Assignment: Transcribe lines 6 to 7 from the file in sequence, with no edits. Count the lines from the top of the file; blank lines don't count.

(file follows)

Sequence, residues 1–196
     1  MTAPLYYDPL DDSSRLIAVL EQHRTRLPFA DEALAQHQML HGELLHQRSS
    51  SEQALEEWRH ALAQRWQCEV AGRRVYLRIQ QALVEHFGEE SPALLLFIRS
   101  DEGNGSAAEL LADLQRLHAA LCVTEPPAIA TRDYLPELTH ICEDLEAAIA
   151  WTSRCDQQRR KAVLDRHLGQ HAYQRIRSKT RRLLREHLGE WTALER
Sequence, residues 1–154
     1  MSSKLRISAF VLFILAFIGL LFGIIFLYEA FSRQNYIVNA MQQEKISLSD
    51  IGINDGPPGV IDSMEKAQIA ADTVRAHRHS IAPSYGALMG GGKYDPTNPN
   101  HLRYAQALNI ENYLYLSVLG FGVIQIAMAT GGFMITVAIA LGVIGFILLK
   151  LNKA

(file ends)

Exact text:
Sequence, residues 1–154
     1  MSSKLRISAF VLFILAFIGL LFGIIFLYEA FSRQNYIVNA MQQEKISLSD